Solar energy depends on the amount of sunlight. The rising and setting of the sun is predictable, but clouds can dramatically affect the output of a solar farm. The figure below showing electrical output from a small fixed array solar facility in sunny Arizona illustrates the problem.

Output of solar facility in Arizona over seven days.

Output of solar facility in Arizona over seven days.

The third day is an almost cloudless day and shows the optimum output from a fixed solar array. There is no solar output after sundown and the curves show small electrical production at sunrise, going to a maximum at noon and then falling again until sunset. This is predictable day-to-day, but the presence of clouds can change the output hour by hour. The effect of clouds can be reduced somewhat by combining the output of many solar farms, but is not eliminated. Furthermore the amount of sunlight is seasonal– lowest in winter and highest in summer.

Combined output of many solar farms showing daily and seasonal variations.

Combined output of many solar farms showing daily and seasonal variations.

The figures above clearly show the inherent problems with the variability, intermittency and seasonality of wind and solar electricity.

The electricity customer wants reliable steady power. Wind and solar themselves do not provide steady power. One solution is to have a fast reacting backup power plant that can produce more electricity when the wind is not blowing and then can be quickly scaled back when the wind increases. The same concept applies to solar.

The only fast reacting power plants available today use natural gas or oil in a reciprocating engine. Think of your car engine. When the wind is blowing hard or at noon for a solar plant, you let up on the gas and idle. When the wind slows down, you press the accelerator to produce more electricity, so that the combined output of the renewable source and the fossil fuel generator is a constant. This is illustrated in the figure below.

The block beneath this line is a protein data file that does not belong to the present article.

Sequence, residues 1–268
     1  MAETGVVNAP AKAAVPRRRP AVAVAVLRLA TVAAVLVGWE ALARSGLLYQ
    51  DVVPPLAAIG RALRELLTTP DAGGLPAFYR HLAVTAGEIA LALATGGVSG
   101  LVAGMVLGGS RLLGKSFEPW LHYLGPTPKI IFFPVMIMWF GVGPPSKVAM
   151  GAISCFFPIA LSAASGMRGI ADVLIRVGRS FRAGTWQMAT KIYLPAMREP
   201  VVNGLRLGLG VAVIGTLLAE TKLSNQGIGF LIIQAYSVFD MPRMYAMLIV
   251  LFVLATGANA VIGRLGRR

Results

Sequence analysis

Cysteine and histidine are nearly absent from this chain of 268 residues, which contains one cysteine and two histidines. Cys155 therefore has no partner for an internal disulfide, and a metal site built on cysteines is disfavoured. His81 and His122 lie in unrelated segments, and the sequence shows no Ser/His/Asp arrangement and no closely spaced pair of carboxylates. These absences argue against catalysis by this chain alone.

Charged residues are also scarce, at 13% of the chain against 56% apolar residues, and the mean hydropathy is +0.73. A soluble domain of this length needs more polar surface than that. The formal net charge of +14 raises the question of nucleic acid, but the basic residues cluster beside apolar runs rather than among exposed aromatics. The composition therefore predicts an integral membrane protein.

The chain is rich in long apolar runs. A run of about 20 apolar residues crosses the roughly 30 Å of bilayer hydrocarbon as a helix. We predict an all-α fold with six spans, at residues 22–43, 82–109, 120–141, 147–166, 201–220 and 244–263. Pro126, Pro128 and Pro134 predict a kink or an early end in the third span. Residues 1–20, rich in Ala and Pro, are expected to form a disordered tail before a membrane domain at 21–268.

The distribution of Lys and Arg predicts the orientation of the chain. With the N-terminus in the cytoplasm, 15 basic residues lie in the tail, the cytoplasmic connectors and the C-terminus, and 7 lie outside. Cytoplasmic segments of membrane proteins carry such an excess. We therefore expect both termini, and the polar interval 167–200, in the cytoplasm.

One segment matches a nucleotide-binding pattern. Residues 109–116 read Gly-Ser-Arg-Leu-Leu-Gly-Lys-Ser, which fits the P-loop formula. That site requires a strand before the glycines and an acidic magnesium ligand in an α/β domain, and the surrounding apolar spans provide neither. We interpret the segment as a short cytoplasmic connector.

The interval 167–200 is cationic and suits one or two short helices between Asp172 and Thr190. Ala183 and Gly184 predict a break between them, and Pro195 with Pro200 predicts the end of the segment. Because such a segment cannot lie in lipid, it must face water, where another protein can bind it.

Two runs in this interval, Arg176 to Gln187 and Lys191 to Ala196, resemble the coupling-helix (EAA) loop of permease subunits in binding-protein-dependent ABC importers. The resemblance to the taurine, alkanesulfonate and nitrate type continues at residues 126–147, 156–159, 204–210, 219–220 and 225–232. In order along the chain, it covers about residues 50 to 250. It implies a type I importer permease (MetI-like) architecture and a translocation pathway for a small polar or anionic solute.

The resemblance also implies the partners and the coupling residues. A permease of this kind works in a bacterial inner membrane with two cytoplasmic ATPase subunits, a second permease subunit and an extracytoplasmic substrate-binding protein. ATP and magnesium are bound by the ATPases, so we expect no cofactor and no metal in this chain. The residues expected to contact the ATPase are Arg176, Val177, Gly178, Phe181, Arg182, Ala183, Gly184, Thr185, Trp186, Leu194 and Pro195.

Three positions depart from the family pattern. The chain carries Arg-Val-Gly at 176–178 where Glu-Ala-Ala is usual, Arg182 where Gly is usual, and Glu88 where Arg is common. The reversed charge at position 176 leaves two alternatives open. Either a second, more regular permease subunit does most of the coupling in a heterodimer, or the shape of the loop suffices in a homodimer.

Example scenario of large amount of natural gas generation needed to be added to base electricity (shown as nuclear in this case), wind and other renewables to smooth out fluctuations and  meet the daily demand.

Example scenario of large amount of natural gas generation needed to be added to base electricity (shown as nuclear in this case), wind and other renewables to smooth out fluctuations and meet the daily demand.

The figure above illustrates the issues with managing the grid to meet demand. Demand varies minute to minute and by time of day. Usually demand is higher in the daytime and early evening, and lower at night, and higher during the workweek and lower during the weekend. Grid operators need to have a combination of steady base power that is always on and resources that can be turned on for a portion of the day, and fast reacting power to provide the minute by minute demand.

Before solar and wind, grid operators only had to deal with variable demand. With wind and solar, the sources are variable as well as demand. This makes the control issues more complicated, but are still manageable. Since the grid already had some fast reacting capability to handle variations in demand, inserting small amounts of variable solar and wind into the grid could be handled without adding new backup capability or affecting the grid substantially. Large amounts of fluctuating solar and wind electricity present challenges to grid operators and require investment in new backup systems and updating the grid.